transfected with expression vectors encoding each Sp-fusion protein and the total
numbers of fluorescent nuclei were enumerated in cultures that were or were not treated
with DNaseI I. This experiment was repeated at least three times for each Sp-family
member to account for plate-to-plate differences in transfection efficiency, and the ratio
of fluorescent cells recovered in DNase-treated cultures relative to those recovered in
untreated cultures is plotted in Fig. 19E. Consistent with the notion that Sp2 associates
efficiently with components of the nuclear matrix, the vast majority (ca. 95%) of cells
expressing EYFP-Sp2 gave rise to EYFP-Sp2-positive nuclear matrices. Sp1 appeared
to be somewhat less efficient, as approximately 80% of transfected COS-1 cells were
found to express EYFP-Sp1 in association with the nuclear matrix. In marked contrast to
these results, significantly fewer (ca. 25%) cells expressing EGFP-Sp3 gave rise to
EGFP-Sp3-positive nuclear matrices. It is worth noting that although EYFP-Sp1-positive
nuclear matrices were recovered at relatively high frequency, these same nuclei exhibited
considerably weaker staining than nuclei prepared from cells expressing EYFP-Sp2 or
EGFP-Sp3. I presume that this difference in the intensity of nuclear staining reflects a
relatively weaker association of Sp1 with the nuclear matrix.
To substantiate our results from in situ analyses, I examined further the
subcellular distribution of Sp-family members using a biochemical approach. Utilizing a
protocol previously described by Merriman et al. (1995) with modifications by Stein et
al. (2001), I prepared whole cell and fractionated extracts from mock transfected COS-1
cells and cells transiently-transfected with expression vectors encoding Sp1-4. Cell
fractions containing soluble proteins, chromatin-associated proteins, and insoluble,
nuclear matrix-associated proteins were recovered, identical cell equivalents were
resolved on denaturing polyacrylamide gels, and endogenous and exogenous Sp proteins
were detected by Western blotting. Consistent with results obtained in in situ studies, the
vast majority of endogenous and exogenous Sp2 was detected in fractions carrying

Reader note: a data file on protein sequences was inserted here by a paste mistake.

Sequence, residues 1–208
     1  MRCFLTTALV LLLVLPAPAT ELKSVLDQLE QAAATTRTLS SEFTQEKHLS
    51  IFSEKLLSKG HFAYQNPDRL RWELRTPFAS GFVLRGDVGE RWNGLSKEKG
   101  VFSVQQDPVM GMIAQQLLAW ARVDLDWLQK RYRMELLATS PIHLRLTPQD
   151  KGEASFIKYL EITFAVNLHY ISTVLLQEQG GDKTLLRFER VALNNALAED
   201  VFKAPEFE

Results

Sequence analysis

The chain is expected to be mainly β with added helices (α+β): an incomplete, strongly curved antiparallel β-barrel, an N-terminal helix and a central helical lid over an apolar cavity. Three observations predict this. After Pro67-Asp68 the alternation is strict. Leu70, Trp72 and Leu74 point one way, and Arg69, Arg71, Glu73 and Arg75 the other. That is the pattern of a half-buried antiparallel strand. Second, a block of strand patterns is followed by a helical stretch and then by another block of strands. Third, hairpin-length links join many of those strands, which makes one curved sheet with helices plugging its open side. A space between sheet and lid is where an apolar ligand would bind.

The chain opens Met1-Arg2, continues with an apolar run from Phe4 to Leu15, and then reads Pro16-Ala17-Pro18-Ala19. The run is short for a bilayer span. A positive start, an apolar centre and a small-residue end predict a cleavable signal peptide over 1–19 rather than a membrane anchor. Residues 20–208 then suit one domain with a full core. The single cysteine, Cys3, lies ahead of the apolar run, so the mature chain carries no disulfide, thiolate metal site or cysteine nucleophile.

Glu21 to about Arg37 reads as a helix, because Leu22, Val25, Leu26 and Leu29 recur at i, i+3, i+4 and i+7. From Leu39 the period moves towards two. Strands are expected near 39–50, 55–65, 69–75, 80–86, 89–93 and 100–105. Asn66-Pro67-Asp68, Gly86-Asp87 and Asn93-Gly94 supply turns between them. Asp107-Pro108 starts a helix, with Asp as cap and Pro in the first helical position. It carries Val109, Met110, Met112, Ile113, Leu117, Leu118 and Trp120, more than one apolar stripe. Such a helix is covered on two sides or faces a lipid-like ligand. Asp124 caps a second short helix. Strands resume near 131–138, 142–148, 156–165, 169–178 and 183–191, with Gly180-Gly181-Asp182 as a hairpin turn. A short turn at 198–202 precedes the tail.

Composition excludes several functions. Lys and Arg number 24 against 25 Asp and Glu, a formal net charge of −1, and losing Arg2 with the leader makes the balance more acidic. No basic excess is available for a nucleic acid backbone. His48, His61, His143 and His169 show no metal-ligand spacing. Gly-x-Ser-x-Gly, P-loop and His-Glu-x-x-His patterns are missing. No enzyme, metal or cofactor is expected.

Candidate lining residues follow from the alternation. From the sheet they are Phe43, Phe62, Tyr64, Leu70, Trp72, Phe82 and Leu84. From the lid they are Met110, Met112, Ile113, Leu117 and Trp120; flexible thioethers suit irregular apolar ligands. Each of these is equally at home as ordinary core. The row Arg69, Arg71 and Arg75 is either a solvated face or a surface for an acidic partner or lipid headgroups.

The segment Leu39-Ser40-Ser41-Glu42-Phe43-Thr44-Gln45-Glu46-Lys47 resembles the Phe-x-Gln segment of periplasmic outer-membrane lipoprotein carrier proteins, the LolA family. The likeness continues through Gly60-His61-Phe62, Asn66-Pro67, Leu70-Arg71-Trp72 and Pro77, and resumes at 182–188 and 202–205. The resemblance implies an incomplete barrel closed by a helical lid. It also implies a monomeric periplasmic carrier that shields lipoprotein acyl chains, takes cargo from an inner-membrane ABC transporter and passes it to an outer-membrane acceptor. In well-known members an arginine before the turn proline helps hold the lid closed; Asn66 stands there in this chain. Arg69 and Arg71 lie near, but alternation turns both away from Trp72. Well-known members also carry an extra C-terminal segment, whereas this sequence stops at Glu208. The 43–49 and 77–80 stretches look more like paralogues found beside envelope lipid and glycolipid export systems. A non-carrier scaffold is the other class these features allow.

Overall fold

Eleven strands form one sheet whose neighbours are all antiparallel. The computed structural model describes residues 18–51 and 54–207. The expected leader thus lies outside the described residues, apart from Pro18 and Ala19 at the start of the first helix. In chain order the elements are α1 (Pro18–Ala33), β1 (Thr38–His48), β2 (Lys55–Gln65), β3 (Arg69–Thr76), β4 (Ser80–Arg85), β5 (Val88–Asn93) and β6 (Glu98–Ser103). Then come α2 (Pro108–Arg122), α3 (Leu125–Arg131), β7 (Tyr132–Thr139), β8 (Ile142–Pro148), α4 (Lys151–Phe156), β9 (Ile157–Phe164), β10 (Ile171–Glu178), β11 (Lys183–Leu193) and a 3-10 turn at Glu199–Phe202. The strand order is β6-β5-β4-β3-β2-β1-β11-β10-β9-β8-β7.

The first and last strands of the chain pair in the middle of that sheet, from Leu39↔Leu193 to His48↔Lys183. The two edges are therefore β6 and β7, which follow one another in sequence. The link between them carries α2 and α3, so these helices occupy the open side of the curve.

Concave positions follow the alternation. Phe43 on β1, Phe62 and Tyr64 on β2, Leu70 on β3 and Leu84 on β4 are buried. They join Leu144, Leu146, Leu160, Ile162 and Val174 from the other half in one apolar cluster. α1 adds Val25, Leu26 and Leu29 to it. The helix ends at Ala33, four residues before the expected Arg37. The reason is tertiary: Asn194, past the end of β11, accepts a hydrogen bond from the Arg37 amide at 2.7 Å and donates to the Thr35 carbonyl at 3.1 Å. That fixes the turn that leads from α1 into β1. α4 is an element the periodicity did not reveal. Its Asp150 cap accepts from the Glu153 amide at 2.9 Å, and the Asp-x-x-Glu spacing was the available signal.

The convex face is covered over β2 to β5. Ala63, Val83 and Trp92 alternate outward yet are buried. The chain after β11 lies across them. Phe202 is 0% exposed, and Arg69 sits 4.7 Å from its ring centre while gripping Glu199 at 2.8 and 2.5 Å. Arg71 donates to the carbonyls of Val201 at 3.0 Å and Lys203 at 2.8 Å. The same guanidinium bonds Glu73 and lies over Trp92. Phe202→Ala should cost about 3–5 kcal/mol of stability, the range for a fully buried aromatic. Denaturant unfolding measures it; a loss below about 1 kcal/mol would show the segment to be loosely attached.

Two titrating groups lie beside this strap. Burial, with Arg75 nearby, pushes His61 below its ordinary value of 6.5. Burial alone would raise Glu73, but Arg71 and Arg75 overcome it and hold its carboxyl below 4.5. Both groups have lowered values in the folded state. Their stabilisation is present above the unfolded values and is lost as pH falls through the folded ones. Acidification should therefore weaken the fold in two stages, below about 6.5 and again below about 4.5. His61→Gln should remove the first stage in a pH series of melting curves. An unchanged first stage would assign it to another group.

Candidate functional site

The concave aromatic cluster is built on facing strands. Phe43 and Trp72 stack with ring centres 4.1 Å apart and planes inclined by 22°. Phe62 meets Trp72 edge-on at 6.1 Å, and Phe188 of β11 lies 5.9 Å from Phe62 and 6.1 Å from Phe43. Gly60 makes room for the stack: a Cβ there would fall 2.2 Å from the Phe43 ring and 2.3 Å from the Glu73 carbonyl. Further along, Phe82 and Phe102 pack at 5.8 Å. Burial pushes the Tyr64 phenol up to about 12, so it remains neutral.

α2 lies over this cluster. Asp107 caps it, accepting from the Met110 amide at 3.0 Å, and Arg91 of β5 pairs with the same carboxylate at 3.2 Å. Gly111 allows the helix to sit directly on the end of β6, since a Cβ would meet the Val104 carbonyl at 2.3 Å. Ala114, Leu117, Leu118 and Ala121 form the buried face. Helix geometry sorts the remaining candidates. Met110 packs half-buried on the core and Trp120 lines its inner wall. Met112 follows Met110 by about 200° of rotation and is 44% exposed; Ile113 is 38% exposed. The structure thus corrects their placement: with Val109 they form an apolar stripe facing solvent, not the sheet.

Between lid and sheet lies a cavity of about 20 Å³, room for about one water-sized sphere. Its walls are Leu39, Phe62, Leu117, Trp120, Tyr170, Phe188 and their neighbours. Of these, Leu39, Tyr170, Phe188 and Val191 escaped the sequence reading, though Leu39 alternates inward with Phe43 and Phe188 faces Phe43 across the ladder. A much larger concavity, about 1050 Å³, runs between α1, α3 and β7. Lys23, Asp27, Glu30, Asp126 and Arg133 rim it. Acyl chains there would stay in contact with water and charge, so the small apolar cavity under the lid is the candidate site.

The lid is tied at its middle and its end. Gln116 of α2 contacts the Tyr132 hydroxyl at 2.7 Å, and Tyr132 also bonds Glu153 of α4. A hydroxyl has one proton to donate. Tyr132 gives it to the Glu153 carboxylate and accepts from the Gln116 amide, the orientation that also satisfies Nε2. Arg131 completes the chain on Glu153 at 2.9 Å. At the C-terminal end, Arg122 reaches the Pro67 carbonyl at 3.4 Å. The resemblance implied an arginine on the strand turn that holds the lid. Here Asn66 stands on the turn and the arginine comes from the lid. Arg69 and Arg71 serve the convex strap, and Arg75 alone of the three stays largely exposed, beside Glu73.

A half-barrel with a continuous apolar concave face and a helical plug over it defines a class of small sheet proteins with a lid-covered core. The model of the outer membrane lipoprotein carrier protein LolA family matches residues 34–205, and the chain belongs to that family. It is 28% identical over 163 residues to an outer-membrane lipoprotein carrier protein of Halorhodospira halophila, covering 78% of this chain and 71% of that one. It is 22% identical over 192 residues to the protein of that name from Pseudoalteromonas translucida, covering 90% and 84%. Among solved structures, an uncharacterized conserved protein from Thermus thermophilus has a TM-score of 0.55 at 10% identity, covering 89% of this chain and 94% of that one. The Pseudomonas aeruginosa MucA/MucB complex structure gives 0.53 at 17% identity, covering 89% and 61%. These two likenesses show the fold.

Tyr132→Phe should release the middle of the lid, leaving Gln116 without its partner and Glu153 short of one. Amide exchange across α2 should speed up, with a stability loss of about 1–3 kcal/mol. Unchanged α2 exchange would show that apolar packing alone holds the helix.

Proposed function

components of the nuclear matrix (Fig. 20). Only minor amounts of Sp2 were detected in
soluble or chromatin-associated protein fractions. Sp1 exhibited a similar localization
pattern. The majority of Sp1 was detected in nuclear matrix fractions, although a
considerable amount of Sp1 protein was also detected within soluble protein fractions. In
contrast to these results, and consistent with evidence from in situ analyses, Sp3 was
detected uniformly in all subcellular fractions analyzed. Finally, Sp4 exhibited a
localization pattern within subcellular fractions that was indistinguishable from that of
Sp3. When these biochemical fractionation data are taken together with observations
from indirect immunofluorescence and direct fluorescence assays, I conclude that Sp2
partitions largely to the nuclear matrix and that Sp-family members differ in their
propensity to associate with the nuclear matrix.
5.5 31 AMINO ACID PORTION OF THE SP2 DNA-BINDING DOMAIN IS
REQUIRED FOR ASSOCIATION WITH THE NUCLEAR MATRIX
To define amino acids required for the association of Sp2 with the nuclear matrix,
a series of EYFP-Sp2 deletion mutants were generated using the PCR and each resulting
fusion protein was examined in situ for their capacity to associate with the nuclear
matrix. As shown in Fig. 21, removal of individual sub-domains or the entirety of the
Sp2 trans-activation domain had no effect on the association of Sp2 with nuclear
matrices prepared from transiently transfected COS-1 cells. These results implicated one
or more portions of the Sp2 DNA-binding domain as being necessary to target Sp2 to the